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Sunday, June 12, 2016

Observing Flood Evidence in Montana

Riding up in the Northwest United States, you'll probably encounter Montana. You pretty much have to, since it's the fourth largest state, and it borders on three Canadian provinces. That squiggly border with Idaho that gives the top part of that state it's odd shape is partly based on land formations. Montana gets mighty cold (seems like the coldest area in the US many days in the winter is International Falls, but fortunately, it does get to have summer as well), but Montana's still a place to find cowboys doing ranch work. They can find some national parks, glaciers, and (of course) mountains.


Water gaps are puzzling and annoying to secular geologists, since they defy long-age explanations and affirm the Genesis Flood. Here are some examples.
Madison River flows through Bear Trap Canyon. Image credit: US Department of the Interior.
In those mountains are some of the many worldwide things called water gaps. According to uniformitarian geology, the land rose up at the same rate the water flowed, making it convenient for the water to carve through gneiss, and this happened in many places around the world. No, I don't believe it either. The best explanation is that water gaps and other unusual formations are the result of the Genesis Flood, and that the world is not as old as secularists want you to believe.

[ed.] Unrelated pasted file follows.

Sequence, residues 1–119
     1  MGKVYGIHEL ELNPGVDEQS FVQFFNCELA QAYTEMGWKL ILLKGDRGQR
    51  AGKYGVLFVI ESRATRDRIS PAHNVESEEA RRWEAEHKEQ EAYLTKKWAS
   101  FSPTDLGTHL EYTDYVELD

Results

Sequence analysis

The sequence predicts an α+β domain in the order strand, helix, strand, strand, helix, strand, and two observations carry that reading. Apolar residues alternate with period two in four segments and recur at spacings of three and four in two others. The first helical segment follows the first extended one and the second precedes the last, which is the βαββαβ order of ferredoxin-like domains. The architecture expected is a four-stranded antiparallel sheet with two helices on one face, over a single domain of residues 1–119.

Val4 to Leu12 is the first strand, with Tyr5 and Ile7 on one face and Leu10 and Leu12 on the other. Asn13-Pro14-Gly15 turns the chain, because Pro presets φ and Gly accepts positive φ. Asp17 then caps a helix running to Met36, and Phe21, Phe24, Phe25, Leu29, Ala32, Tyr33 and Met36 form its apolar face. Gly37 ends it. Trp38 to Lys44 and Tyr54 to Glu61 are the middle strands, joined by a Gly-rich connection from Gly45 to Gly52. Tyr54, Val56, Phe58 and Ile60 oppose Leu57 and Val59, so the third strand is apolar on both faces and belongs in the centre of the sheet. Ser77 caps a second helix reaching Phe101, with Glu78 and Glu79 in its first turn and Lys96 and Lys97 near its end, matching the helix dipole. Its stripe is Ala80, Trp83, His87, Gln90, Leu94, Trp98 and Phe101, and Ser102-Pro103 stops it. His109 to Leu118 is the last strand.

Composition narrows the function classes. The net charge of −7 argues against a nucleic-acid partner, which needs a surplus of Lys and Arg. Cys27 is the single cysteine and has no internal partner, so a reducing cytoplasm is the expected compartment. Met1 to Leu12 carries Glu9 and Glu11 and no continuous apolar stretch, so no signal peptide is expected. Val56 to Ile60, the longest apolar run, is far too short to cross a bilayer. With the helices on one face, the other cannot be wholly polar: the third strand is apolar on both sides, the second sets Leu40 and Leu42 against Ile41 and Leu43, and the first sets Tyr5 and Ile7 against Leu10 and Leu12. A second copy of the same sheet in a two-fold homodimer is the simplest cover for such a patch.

ICR’s Dr. Jake Hebert and I recently enjoyed a field trip around the town of Ennis, Montana, hosted by post-Flood Ice Age expert Michael Oard. During the outing we observed two landscape features best explained by Noah’s Flood.
. . . 
The Madison River’s waters originate in Yellowstone, flow northward through the picturesque Madison River Valley where Ennis lies, then produce rapids on their journey through Bear Trap Canyon. The river eventually merges with other waters near Three Forks, Montana, to form the Missouri River. Oddly, Bear Trap Canyon cuts right through a mountain range made of hard crystalline rock called gneiss. Why didn’t the Madison River flow around the mountain instead of cutting right through it? And did this little river carve the canyon over millions of years?

Geologists use the term water gaps for narrow canyons holding rivers that cut through mountain ranges. We don’t see them form today, so we rely on our forensic wits to solve these geologic mysteries. Every continent has water gaps, and thousands exist around the world. So, if we solve the mystery of one water gap, we might help solve a world of such mysteries.
To read the entire article, click on "Flood Evidence in Montana's Mountains". For additional information on water gaps and the Flood, click on "How Are Water Gaps Formed?"

Water gaps are puzzling and annoying to secular geologists, since they defy long-age explanations and affirm the Genesis Flood. Here are some examples.